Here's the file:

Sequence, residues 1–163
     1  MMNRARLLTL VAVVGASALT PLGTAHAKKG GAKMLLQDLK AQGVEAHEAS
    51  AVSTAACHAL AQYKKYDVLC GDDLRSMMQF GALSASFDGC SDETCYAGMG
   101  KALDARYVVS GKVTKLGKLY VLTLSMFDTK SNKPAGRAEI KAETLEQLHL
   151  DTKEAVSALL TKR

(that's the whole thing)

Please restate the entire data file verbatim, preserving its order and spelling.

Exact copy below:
Sequence, residues 1–163
     1  MMNRARLLTL VAVVGASALT PLGTAHAKKG GAKMLLQDLK AQGVEAHEAS
    51  AVSTAACHAL AQYKKYDVLC GDDLRSMMQF GALSASFDGC SDETCYAGMG
   101  KALDARYVVS GKVTKLGKLY VLTLSMFDTK SNKPAGRAEI KAETLEQLHL
   151  DTKEAVSALL TKR